Inspiration

The inspiration behind our project stems from the unique experiences of each member of our team in establishing and maintaining meaningful relationships. While brainstorming ideas for our project, we considered factors that influence our own relationships and we jokingly landed on the idea of a dating app that matched people with similar mental health challenges and disorders. We did not want to make another dating app, so the idea was not meant to be something we seriously considered, but after giving it some thought, we felt that enabling people to connect over something deeply personal would encourage conversations that go beyond awkward ice breakers and superficial chitchat. With that spark, we were immediately brimming with ideas on various features the app could offer to encourage its users to make friends, find mentors, and help others struggling with something they may be able to offer advice on.

How did we land on the name?

Because the core of the app is heavy in nature, we decided we wanted to create something that would be somewhat lighthearted and make users feel more comfortable and willing to embrace the experience. Thus, the name Melon Mentor was born! ... Or rather, Brain Mentor.

What problem does it solve?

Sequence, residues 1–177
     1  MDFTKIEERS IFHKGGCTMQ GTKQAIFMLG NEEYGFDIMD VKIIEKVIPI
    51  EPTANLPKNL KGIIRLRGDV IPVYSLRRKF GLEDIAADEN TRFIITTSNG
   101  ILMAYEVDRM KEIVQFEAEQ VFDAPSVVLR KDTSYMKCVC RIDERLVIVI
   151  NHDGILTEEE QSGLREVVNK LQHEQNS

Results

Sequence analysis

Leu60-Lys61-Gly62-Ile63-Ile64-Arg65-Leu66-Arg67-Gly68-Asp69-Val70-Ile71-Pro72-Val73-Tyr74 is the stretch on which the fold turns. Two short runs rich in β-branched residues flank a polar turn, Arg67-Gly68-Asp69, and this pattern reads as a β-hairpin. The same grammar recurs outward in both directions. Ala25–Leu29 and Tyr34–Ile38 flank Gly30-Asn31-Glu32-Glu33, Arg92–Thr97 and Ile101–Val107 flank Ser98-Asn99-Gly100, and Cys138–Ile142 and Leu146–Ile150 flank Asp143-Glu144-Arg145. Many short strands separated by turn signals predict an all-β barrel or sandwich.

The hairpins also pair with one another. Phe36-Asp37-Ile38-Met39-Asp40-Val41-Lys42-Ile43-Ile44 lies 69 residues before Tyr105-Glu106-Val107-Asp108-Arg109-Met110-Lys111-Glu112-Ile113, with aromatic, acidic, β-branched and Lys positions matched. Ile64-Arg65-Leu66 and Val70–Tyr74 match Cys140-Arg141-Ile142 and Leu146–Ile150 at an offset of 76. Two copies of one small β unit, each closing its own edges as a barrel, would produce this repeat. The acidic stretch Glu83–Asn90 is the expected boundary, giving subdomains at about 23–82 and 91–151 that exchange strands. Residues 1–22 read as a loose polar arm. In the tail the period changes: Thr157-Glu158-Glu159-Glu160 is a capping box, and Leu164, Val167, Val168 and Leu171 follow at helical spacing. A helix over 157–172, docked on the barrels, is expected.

How did we solve that problem?

How did we create a unique user experience?

MelonMentor is primarily a platform meant to facilitate safe environments that bring people together in virtual support groups. Because it is founded on the idea of connecting people through the unique commonalities of mental and physical health and disabilities, it creates an open and judgement free experience where people can connect and support one another with some of the more difficult aspects of their lives. The app accomplishes this by providing topic-specific groups the users can join based on their personal challenges, interests, hobbies, and lifestyles. Users are required to undergo a verification process to join groups with sensitive subject matter, participate in chat, and message other users to mitigate concerns with being vulnerable with a group of strangers. Within these groups, users can post, share experiences, comment on other users posts, and chat with other online members. Because we wanted to create a sense of community and intimacy, groups have chatrooms with limited capacity that users are admitted to when they come online.

Technical challenges and constraints

Prioritizing user privacy and safety

Professional applications and use cases

Future Feature Design

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